The minister would have been on safer ground if he said, “Deportation is a lot less severe that imprisonment and caning. So why involve the courts?” He could have added, “Give FTs airfare home, kay pohs also bitch. What more do the kay pohs want?”.

*Actually, the kay pohs’ call for judicial due process in deportation cases ignores the fact that there is the possibility of judicial review as kick-ass, take no-prisoners, superhero lawyer, Ravi, has shown. He has asked for judicial review of a case where his client has been deported.

Govt, activists score own goals

In Public Administration on 03/01/2014 at 6:09 am

(Or “The govt is its own worst enemy: it can’t communicate the right facts”)

Recently  I blogged on why Scrooge the Grinch government can do more, a lot more to help the manual workers who gift us S$2.5bn++ a year.

But on the use of the deportation law on alleged “rioters”; I’m on the govt’s side with one important caveat.  The cavaet is: What the hell were the police commissioner and DPM Teo talking about?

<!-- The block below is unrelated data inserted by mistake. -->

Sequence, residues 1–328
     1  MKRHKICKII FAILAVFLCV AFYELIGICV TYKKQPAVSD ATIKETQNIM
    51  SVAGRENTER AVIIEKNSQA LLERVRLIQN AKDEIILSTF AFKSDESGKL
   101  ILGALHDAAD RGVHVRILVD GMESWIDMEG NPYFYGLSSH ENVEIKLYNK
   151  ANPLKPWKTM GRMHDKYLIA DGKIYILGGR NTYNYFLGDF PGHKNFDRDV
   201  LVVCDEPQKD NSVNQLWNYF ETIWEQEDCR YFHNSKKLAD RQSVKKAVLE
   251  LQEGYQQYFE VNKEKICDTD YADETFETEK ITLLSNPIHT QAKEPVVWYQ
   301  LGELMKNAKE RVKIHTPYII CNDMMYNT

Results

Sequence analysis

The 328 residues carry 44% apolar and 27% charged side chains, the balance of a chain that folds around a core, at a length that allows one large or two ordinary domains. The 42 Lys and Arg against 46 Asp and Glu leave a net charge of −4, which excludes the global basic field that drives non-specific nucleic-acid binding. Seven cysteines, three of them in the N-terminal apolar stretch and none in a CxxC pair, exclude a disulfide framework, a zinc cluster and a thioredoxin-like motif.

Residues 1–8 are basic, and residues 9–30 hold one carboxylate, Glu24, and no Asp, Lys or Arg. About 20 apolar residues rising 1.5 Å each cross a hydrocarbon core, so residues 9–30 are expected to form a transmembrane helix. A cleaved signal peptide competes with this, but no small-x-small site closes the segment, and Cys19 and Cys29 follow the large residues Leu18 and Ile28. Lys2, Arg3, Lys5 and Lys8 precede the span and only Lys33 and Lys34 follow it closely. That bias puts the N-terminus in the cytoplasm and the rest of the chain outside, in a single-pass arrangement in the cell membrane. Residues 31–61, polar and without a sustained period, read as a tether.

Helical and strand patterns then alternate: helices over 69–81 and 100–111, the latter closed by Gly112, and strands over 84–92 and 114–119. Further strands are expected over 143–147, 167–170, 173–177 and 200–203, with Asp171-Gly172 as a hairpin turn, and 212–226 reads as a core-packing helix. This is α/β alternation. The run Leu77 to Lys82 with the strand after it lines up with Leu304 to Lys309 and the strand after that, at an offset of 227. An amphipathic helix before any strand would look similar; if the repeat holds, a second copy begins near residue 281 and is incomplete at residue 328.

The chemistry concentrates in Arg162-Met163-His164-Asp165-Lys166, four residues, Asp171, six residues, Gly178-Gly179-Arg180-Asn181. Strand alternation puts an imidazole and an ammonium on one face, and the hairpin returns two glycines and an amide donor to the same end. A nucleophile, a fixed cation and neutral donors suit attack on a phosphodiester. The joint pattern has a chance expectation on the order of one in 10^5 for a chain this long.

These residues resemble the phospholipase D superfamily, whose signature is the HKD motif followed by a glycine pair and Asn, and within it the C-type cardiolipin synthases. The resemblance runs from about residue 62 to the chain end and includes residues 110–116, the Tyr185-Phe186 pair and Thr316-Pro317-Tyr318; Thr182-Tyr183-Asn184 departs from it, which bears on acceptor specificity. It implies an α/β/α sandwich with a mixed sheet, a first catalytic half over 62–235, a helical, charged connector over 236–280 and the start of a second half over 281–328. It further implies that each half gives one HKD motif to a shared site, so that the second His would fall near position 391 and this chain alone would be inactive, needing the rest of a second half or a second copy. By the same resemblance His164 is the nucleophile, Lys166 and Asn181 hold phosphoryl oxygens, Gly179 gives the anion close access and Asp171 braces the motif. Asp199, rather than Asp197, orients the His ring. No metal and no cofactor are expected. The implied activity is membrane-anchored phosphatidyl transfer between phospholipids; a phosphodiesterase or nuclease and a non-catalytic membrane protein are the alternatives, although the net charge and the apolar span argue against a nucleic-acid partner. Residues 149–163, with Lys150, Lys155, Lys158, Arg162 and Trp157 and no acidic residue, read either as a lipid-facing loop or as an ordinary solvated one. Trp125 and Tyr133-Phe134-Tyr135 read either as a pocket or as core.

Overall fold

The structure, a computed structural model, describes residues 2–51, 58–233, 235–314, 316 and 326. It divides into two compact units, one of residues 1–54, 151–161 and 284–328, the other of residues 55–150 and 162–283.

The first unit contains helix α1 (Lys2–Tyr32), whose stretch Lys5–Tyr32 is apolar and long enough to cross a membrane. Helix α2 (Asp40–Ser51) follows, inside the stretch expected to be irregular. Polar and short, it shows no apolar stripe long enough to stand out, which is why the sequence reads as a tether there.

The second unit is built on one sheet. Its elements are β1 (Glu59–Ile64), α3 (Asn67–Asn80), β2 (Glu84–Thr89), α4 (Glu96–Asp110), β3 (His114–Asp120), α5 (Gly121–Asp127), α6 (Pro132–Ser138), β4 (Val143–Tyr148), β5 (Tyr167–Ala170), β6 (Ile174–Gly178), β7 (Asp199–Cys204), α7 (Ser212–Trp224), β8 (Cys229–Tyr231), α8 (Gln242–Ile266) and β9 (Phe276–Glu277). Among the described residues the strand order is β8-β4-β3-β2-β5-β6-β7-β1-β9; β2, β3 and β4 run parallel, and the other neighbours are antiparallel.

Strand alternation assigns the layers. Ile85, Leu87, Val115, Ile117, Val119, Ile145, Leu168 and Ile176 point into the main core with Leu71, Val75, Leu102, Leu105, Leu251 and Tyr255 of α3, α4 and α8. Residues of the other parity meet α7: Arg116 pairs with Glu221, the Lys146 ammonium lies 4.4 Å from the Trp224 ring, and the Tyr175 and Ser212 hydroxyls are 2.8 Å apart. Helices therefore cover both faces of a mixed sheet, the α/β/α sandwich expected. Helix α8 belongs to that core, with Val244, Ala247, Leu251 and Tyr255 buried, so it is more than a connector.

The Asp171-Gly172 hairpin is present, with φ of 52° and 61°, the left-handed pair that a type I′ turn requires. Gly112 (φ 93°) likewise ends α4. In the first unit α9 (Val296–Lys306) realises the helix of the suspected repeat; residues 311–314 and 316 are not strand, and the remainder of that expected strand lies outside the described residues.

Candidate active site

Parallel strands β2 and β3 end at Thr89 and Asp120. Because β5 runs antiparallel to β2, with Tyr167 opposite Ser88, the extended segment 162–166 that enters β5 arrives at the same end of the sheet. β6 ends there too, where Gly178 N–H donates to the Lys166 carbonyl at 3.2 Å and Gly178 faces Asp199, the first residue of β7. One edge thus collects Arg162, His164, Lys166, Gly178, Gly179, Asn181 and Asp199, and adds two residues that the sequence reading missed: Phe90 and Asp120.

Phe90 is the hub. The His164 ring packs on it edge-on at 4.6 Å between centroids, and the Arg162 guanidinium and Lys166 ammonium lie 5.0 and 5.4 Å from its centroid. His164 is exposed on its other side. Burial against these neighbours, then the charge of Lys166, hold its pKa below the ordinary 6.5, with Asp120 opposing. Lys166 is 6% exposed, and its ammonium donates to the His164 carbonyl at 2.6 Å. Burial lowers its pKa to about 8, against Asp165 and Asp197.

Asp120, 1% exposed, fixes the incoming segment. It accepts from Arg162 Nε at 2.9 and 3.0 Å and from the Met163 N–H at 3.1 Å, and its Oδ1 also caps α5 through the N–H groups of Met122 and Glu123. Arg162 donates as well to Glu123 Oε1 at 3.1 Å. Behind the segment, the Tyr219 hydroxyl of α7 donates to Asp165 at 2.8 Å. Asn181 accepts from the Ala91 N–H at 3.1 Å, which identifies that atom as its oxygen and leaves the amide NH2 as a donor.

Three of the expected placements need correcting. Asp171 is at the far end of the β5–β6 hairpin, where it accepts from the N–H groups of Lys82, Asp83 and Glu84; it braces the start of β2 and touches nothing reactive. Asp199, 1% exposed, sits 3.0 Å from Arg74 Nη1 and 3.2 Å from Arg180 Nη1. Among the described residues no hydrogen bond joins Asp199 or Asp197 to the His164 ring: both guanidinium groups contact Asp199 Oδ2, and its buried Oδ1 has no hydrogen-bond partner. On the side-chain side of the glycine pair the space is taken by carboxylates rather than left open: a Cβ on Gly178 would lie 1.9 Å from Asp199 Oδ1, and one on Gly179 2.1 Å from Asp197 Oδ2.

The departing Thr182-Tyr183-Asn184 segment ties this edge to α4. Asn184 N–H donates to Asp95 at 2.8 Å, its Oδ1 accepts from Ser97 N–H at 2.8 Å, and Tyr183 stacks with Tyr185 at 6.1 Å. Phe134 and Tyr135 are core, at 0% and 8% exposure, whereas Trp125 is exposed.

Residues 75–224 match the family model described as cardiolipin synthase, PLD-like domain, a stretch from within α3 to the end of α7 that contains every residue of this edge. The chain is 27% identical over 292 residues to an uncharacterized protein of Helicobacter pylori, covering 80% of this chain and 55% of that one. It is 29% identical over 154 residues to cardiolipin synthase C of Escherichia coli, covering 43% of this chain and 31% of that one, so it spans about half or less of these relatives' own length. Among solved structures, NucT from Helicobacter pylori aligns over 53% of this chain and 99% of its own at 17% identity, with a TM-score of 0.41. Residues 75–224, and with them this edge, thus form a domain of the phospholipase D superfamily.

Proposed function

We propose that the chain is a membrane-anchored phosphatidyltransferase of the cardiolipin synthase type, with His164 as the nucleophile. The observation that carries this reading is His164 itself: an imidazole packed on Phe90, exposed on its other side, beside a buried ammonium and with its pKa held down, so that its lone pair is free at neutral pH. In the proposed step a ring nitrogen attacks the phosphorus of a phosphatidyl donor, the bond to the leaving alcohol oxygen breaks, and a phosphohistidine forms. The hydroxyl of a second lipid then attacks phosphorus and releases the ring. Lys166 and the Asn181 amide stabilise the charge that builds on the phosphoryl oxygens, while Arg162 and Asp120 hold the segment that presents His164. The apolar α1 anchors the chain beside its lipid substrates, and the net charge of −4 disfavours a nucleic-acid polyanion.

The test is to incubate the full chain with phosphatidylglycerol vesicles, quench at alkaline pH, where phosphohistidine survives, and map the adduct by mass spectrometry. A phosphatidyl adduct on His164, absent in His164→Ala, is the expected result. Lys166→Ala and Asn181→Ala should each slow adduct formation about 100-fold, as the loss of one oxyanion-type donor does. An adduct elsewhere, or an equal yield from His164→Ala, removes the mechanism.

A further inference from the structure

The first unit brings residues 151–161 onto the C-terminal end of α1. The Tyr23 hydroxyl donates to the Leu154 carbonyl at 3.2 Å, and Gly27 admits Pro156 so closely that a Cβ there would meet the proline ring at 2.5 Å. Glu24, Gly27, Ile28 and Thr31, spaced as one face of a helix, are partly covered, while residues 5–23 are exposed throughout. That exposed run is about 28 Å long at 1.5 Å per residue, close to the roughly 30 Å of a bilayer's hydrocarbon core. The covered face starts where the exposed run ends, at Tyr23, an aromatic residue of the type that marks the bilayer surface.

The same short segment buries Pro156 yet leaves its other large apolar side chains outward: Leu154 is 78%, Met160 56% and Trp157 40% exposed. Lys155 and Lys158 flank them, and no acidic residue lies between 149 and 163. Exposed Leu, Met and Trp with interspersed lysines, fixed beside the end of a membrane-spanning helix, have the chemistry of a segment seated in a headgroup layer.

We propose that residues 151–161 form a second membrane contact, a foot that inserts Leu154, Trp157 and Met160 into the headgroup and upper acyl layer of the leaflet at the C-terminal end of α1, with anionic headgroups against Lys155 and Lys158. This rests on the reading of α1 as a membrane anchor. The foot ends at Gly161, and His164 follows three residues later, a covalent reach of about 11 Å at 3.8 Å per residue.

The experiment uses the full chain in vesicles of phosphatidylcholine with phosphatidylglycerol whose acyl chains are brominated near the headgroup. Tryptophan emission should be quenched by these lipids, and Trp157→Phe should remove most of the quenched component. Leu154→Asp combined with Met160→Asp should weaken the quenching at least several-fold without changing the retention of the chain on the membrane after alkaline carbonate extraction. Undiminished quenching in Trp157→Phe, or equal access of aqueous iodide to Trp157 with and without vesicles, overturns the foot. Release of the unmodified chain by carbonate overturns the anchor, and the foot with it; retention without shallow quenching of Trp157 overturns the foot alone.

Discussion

— [The Police Commissioner] explained that this group is less “culpable” than those who were charged, as the latter were “active participants” in the riot, “violent” and “had attacked uniformed personnel and vehicles, damaged property, and had incited others to do so”. So what did they actually do?

Deputy Prime Minister and Minister for Home Affairs Teo Chee Hean noted that those who were to be repatriated had “impeded the riot control and emergency rescue operations” and that “their actions and conduct had threatened public order,  Did they or did not riot?

I looked up what the official statement and only then I understood why there were deportations, not charges for most of those detained: they were alleged rioters that the police considered should be treated more leniently (those charged can be jailed and caned if convicted).